On the Structure of Unconditional UC Hybrid Protocols
We study the problem of secure two-party computation in the presence of a trusted setup. If there is an unconditionally UC-secure protocol for f that makes use of calls to an ideal g, then we say that freduces tog (and write $$f \sqsubseteq g$$). Some g are complete in the sense that all functions reduce to g. However, almost nothing is known about the power of an incomplete g in this setting. We shed light on this gap by showing a characterization of $$f \sqsubseteq g$$ for incomplete g.Very roughly speaking, we show that f reduces to g if and only if it does so by the simplest possible protocol: one that makes a single call to ideal g and uses no further communication. Furthermore, such simple protocols can be characterized by a natural combinatorial condition on f and g.Looking more closely, our characterization applies only to a very wide class of f, and only for protocols that are deterministic or logarithmic-round. However, we give concrete examples showing that both of these limitations are inherent to the characterization itself. Functions not covered by our characterization exhibit qualitatively different properties. Likewise, randomized, superlogarithmic-round protocols are qualitatively more powerful than deterministic or logarithmic-round ones.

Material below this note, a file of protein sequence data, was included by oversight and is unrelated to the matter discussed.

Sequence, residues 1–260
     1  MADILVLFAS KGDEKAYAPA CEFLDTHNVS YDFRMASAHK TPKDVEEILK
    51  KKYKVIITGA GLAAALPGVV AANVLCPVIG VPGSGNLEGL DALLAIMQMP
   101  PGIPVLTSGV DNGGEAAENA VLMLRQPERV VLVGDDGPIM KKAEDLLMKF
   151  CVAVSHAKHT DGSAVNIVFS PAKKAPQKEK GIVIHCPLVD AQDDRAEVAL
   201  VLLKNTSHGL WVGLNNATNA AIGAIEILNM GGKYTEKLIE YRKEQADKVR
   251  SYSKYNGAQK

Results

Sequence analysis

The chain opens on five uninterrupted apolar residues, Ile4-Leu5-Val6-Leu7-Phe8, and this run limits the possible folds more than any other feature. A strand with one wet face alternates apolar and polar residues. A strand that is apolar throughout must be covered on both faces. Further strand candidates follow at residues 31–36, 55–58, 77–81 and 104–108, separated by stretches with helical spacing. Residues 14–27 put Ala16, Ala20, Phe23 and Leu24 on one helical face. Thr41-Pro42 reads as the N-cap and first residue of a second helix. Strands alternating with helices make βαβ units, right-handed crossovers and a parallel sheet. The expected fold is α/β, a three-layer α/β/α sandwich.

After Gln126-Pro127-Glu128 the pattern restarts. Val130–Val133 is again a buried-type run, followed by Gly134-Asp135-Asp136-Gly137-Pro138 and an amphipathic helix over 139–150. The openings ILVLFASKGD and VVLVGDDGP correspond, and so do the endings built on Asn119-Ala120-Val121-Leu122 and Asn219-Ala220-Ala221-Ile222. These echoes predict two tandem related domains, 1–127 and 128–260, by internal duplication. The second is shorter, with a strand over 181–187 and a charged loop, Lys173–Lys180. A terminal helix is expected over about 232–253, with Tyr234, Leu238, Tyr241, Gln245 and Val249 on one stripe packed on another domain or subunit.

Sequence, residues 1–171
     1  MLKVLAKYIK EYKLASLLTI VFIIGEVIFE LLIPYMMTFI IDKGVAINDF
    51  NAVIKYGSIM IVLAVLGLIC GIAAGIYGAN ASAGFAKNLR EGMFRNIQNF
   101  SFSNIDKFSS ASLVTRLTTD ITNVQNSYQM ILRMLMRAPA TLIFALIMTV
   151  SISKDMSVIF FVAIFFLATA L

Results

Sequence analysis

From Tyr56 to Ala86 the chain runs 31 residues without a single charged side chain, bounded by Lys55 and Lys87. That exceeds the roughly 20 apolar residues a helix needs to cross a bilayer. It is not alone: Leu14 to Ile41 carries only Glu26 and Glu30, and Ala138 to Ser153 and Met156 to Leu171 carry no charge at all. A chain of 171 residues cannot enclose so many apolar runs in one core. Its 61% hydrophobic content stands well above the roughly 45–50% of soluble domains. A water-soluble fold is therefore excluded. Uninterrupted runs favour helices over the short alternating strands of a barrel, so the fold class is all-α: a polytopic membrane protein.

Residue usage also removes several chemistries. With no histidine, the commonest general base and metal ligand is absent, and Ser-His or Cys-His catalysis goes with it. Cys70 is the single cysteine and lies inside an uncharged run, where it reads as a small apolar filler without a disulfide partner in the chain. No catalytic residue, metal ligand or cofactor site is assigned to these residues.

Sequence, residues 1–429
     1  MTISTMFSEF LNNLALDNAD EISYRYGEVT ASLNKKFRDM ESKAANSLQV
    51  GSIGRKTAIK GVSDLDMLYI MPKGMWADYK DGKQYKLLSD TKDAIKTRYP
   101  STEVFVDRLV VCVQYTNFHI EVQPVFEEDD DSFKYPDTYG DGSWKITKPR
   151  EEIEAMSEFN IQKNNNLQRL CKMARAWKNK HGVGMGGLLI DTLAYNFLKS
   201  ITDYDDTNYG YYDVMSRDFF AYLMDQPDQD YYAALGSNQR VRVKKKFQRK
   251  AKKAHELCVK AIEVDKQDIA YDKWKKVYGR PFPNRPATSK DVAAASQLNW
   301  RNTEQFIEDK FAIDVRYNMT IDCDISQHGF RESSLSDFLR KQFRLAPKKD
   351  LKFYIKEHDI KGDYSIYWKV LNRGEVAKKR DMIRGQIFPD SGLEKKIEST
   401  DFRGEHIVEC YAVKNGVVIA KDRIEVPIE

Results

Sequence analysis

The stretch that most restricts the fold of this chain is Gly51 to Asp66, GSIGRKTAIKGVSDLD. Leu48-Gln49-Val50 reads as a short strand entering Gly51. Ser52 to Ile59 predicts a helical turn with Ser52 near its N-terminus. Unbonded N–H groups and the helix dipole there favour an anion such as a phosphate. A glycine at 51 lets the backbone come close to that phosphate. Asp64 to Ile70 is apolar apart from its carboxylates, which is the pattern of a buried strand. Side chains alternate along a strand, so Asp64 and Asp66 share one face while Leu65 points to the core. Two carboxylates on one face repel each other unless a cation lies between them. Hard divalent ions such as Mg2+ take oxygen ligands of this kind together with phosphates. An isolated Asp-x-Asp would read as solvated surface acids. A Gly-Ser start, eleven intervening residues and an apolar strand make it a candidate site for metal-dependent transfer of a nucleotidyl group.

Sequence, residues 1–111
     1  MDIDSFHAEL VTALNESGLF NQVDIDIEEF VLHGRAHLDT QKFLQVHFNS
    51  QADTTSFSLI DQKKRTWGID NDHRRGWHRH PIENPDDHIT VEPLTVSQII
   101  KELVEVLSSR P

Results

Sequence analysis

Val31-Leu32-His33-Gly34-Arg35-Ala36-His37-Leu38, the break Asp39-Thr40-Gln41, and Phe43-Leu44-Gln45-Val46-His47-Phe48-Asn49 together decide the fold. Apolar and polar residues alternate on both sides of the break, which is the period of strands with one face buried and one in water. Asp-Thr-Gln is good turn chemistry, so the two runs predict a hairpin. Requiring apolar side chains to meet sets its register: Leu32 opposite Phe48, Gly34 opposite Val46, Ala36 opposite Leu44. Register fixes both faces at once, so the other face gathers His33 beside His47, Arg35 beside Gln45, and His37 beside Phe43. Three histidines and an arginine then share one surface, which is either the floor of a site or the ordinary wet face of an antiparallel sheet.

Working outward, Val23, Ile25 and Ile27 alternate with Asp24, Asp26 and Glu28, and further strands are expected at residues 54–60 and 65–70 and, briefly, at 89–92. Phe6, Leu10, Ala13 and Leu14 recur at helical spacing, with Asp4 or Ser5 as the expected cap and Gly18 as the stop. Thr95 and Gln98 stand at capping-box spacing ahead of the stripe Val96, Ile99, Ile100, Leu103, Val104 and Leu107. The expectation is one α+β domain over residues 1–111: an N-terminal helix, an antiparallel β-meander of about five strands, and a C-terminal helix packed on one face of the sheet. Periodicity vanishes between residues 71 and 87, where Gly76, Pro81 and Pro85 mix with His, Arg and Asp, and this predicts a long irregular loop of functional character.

- Mike Rosulek (1)